Citizens Advice has called for the Department for Work and Pension (DWP) to halt the roll-out of Universal Credit (UC) as people struggle to make claims successfully.
A report by the charity found problems with the UC digital service, including citizens struggling to verify their identity online and lacking the digital skills to use the system.
DWP has been rolling out Universal Credit in stages. By the end of 2015, DWP rolled out a limited version of the system, referred to as the “live service” but only targeting the simplest of claims and using an IT system run by external providers which is rarely updated. The department began deploying the “full service” country-wide in May last year, which covers the entire complexity of the scheme to replace six different in-work welfare benefits with a single payment.
The roll-out of the full service – meaning that all new benefit claims will be handled through Universal Credit, is ongoing, with a project completion date for the entire programme set for 2022. The government plans to ramp up deployment of the new system this autumn, but Citizens Advice wants the roll-out to be put on hold until issues are addressed.
“One of the big changes under Universal Credit was the switch to a ‘digital’ benefit. For the first time with the full digital service, claimants both apply for and manage their UC claim online. The intention behind this change is to encourage UC claimants to develop their digital skills,” the report said.
Citizens Advice believes that being online could make it easier for people to find and secure work, and access information.
“A digitally-delivered benefit system also has the potential to become more efficient, allowing claimants to better manage their payments and any changes of circumstances,” it said, but added that rolling out a fully digital Universal Credit requires “significant support”.
Skills gap issues
One in five adults in the UK lack basic digital skills and one in seven don’t have access to the internet at home.
“These people are disproportionately likely to be disabled or have a long-term health condition, and to be unemployed or on low incomes. These are also the groups most likely to be making a claim for UC,” the report said.
“A survey of our UC clients in full service areas found nearly half (45%) had difficulty accessing or using the internet – or both.”
This makes it difficult for citizens applying for benefits to do so online. In fact, 52% of the people surveyed by Citizens Advice said they found the online application difficult and felt that the support they needed was not available. Most people have also not been informed that there are other options than applying online.
“Without accessible facilities and support, there is a risk that the significant minority of claimants who lack digital literacy or internet access will experience additional delays and errors in their initial claim,” the report said.
Read more about Universal Credit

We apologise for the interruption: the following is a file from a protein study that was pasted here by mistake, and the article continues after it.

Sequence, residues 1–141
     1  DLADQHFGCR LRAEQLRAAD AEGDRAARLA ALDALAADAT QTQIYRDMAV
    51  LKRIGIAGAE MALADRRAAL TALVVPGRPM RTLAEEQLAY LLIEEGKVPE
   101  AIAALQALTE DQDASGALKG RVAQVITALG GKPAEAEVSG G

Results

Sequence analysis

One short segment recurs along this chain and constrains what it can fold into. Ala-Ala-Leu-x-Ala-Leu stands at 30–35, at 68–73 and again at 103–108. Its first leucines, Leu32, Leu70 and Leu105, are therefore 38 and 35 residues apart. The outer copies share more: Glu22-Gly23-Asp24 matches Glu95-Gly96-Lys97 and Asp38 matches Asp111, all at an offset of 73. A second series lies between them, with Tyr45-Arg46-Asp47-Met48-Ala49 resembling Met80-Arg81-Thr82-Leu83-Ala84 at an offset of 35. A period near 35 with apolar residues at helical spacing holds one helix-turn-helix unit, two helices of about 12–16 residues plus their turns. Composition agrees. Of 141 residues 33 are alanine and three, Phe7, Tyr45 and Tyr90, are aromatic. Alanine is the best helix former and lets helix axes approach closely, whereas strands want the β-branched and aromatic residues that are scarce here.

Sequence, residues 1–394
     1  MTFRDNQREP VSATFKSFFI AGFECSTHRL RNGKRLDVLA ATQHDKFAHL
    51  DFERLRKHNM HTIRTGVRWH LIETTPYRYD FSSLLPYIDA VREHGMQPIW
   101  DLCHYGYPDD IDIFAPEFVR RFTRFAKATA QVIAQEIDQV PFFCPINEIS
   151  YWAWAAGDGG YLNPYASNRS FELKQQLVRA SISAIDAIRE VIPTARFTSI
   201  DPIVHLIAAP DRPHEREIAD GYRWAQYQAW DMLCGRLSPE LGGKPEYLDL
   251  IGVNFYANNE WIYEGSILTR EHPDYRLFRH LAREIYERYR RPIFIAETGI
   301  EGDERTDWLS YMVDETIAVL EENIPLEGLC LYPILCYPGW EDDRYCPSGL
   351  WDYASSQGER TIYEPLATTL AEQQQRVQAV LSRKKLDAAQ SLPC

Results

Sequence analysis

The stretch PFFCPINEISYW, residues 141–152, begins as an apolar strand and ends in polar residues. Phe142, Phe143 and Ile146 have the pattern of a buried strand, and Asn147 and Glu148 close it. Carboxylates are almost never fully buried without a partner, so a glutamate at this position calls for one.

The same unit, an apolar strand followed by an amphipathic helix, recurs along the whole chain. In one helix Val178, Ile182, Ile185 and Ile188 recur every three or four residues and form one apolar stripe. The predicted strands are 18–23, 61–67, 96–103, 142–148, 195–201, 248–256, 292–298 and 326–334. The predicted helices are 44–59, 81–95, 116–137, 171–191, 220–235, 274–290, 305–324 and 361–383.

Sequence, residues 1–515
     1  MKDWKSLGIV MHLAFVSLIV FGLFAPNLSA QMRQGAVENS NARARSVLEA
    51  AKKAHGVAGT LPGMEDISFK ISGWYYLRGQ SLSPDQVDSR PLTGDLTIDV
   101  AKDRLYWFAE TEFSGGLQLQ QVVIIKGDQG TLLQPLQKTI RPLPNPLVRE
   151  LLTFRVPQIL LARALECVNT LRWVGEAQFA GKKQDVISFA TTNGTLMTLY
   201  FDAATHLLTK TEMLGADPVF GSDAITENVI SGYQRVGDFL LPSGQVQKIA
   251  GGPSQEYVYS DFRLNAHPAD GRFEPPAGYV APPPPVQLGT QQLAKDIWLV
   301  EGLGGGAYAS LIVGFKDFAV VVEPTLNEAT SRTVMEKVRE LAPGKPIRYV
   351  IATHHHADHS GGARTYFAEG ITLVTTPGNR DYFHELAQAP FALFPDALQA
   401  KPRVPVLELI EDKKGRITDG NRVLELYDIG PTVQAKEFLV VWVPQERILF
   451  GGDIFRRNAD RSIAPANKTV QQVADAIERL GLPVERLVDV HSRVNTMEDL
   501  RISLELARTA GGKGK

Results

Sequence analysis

- Institute for Government report reveals that during the 2013 “reset” of Universal Credit, the Department for Work and Pensions pointed fingers at suppliers.
- Public Accounts Committee report slates lack of transparency around Universal Credit and calls for specific plans for the roll out of the digital service to be made public.
Citizens Advice added that the organisation supports the aim of equipping claimants with basic digital skills, but that to avoid delays and hardships for people unable to make claims successfully, the “obstacles faced by those who currently lack these skills need to be addressed”.
Another issue is that when claimants face issues, they are told to call the Universal credit helpline, which costs up to 55p per minute from a mobile. With long waiting times, a single call could cost up to £20. Citizens Advice is calling for the helpline to be free of charge “during the test and learn phase before roll-out is completed”.
“This will ensure early claimants can easily receive help with the types of problems and glitches associated with the roll-out period,” the report said.
Universal Credit is one of the government services currently using Gov.uk Verify, the identity assurance platform created by the Government Digital Service (GDS), which aims to be the standard way for citizens to prove who they are when accessing government services.
However, one of the problems Citizens Advice see most frequently, is citizens struggling to verify evidence. This can then delay or reduce payments for the 57% of claimants who said they find it difficult to use the Verify process.
“To apply for UC, claimants must first create a Verify account online which proves their identity. While this account is useful for accessing a range of government services, it can create challenges for some of those claiming UC,” the report said.
“In certain cases, this will be difficulty accessing or providing items such as a passport, driving license or payslip at short notice; for others it will be the need to submit evidence on an online platform.”
A failing system
Citizens Advice chief executive Gillian Guy said that while the charity supports the principles of Universal Credit, the system is failing “too many people, pushing them into debt and leaving them without the means to make ends meet”.
“The current flaws with the system also undermine the very reasons Universal Credit was introduced: to simplify the benefits system and make sure every hour of work pays. As things stand, too many people are finding Universal Credit very complicated, and problems such as long wait for payments or difficulties getting help with an application mean they are less able to focus on getting into work or increasing their hours,” Guy said.
“The government needs to pause plans to accelerate the roll out of full service Universal Credit this Autumn and devote the time and resource needed to tackle the key problems which mean the system is not working.”